Judge Kelvin Jones’ divorce raises questions of invasion of privacy, mysterious deposits

(Photo by Joe Raedle/Getty Images)
(Photo by Joe Raedle/Getty Images)

Nashville Judge Kelvin Jones accessed his wife’s work email in order to read attorney-client communications, secretly recorded her with a hidden camera and made large cash bank deposits last year, according to a series of filings by his wife in their divorce lawsuit.

Jones, who was elected to the Circuit Court in 2014, is in the midst of a contentious divorce from his wife Denise Jones, who is assistant vice president and legal counsel with Sarah Cannon Research Institute.

In several filings, Denise Jones accused her husband of accessing her work email without permission and forwarding himself emails between her and her divorce attorney last year. Those communications are strictly protected under attorney-client privilege laws.

Chancery Court Judge Kelvin Jones (official photo, Tennessee Administrative Office of the Courts)
Chancery Court Judge Kelvin Jones (official photo, Tennessee Administrative Office of the Courts)

In a divorce filing, Kelvin Jones admitted to accessing “emails that contained correspondence between (his wife) and her attorneys.” But he denied the claim that he accessed the email account without his wife’s knowledge or permission.

Denise Jones claims he didn’t have permission and that her employer requires security checks in order to access the private information contained in her email because she works for a healthcare provider. According to the lawsuit, Kelvin Jones forwarded 37 email chains to himself.

Kelvin Jones began accessing the email account without permission the day after his wife notified him she was filing for divorce on Aug. 20, 2019, his wife claims in the lawsuit.

Kelvin Jones also placed a hidden motion-detecting and night-vision enabled video camera inside a clock in the master bedroom of their Nashville home, according to the lawsuit. The couple continued to live together in separate rooms after Denise Jones filed for divorce last year.

In a filing, Denise Jones said she did not know she was being recorded and learned of the secret camera after she hired a private investigator to conduct a security sweep of the house, the deed of which is in her name.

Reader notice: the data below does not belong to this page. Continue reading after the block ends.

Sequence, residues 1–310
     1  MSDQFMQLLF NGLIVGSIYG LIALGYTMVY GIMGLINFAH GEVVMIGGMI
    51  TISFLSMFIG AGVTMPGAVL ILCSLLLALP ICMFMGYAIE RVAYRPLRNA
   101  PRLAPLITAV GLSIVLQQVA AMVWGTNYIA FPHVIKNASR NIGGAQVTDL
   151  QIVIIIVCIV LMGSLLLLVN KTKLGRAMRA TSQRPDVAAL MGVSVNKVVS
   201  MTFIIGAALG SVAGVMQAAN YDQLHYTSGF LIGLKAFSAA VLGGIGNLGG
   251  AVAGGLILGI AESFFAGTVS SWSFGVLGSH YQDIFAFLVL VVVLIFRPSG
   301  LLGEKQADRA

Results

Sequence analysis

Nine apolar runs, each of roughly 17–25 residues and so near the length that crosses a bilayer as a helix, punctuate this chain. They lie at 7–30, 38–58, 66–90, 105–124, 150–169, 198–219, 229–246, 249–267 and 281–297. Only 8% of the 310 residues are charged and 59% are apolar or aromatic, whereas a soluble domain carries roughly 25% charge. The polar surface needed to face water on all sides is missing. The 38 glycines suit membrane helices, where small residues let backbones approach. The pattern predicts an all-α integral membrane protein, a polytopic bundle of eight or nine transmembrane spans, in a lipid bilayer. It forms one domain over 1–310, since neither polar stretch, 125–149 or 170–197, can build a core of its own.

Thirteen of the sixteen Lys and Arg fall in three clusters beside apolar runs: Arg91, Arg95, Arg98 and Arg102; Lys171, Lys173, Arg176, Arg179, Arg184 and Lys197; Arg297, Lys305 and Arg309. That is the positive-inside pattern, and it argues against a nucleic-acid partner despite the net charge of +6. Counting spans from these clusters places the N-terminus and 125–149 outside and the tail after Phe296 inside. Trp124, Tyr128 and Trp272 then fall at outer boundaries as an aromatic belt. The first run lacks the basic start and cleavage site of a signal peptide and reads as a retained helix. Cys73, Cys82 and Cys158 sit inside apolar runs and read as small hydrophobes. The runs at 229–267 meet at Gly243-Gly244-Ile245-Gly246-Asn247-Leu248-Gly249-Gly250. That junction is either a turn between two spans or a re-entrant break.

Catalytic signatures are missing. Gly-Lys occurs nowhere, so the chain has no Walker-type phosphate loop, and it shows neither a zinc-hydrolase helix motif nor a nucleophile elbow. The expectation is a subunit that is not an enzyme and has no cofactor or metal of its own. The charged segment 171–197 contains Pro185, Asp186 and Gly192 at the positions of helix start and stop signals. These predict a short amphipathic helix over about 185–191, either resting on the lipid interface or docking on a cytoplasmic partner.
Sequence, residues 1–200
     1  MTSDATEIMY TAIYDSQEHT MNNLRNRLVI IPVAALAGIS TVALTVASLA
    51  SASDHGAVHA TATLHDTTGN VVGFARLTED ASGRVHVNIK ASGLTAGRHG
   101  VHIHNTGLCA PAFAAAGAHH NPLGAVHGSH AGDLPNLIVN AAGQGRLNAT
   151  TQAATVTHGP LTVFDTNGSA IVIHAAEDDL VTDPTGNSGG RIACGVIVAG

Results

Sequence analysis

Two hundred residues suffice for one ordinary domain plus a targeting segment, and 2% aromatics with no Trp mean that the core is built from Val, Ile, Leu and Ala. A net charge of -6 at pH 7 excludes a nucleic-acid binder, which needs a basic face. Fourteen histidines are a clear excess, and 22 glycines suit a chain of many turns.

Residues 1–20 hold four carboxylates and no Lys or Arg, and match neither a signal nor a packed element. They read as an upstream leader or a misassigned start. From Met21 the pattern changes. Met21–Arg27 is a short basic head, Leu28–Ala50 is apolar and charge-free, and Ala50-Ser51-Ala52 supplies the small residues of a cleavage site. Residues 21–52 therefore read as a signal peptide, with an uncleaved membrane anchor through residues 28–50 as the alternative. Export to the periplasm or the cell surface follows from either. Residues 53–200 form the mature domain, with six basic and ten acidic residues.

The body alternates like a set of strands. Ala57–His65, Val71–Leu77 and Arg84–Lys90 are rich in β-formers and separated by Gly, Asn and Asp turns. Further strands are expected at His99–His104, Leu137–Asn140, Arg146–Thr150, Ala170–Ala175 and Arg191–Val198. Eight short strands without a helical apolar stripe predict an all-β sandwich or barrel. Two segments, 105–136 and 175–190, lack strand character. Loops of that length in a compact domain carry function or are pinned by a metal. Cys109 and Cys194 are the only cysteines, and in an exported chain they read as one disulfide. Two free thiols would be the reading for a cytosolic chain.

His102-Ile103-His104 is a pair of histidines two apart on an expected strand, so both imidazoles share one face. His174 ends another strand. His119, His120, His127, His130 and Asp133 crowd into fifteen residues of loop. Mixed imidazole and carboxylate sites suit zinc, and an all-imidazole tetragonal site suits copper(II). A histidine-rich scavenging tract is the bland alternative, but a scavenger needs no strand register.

Kelvin Jones admitted he placed the camera in the bedroom. He said the camera was part of a fully integrated home security system. Kelvin Jones also said he was the only person sleeping in the master bedroom and that his wife slept in a guest room. Jones said he did not use the camera to remotely monitor any conversations.

Kelvin Jones said in a court filing the camera was placed in the bedroom on Sept. 16 last year and removed on Oct. 25 at his wife’s request.

In a filing last week, Denise Jones claims her husband made $194,709.30 in cash deposits to bank accounts in his name over a one-month period last year. Denise Jones said in an affidavit that she has “no idea where these cash deposits came from” and she is concerned they could bring about serious issues with the Internal Revenue Service. An exhibit attached to Denise Jones’ affidavit details the bank receipts for the deposits. 

Denise Jones also said in her affidavit that she’s concerned about having to face tax repercussions from a settlement her husband made with First Citizens Bank. Jones was sued by the bank in 2012 for defaulting on a real estate loan to buy land and develop a Microtel Inn and Suites. Kelvin Jones settled a $928,844.26 judgment against him from the bank last year for $150,000. 

His salary as a judge is about $161,000.

The Tennessee Lookout reached out to Jones for comment on the claims in the divorce. He did not respond to those requests. Nor did he respond to a request for comment about the nature of the bank deposits.

According to the Tennessee Judicial Code of Conduct, “Judges should maintain the dignity of judicial office at all times, and avoid both impropriety and the appearance of impropriety in their professional and personal lives. They should aspire at all times to conduct that ensures the greatest possible public confidence in their independence, impartiality, integrity, and competence.”

The Judicial Code of Conduct also limits a judge’s ability to earn money outside of their work on the bench. Judges are allowed to be compensated for teaching and speaking engagements and may hold financial investments like real estate or stocks.

Judges are also allowed to work for or hold investments in private businesses, but only if the company is directly owned by the judge or their immediate family member. Judges are banned from engaging in financial activities that could interfere with their judicial duties, lead to frequent ethical disqualifications or involve lawyers who might frequently practice in that judge’s court.

Kelvin Jones was elected to the bench in 2014 after previously running for Public Defender in 2006 and serving as executive director of the Metro Human Relations Commission. In 2008, Jones threw his hat in the ring for a Metro Council appointment to fill the term of the Public Defender. Council appointed assistant public defender Dawn Deaner instead.

He defeated incumbent Circuit Court Judge Carol Soloman to win the Eighth Circuit seat.

His most newsworthy ruling came in 2016 when he ruled Metro Nashville government could move forward with certain short-term rental regulations after initially ruling earlier that year the regulations were unconstitutional.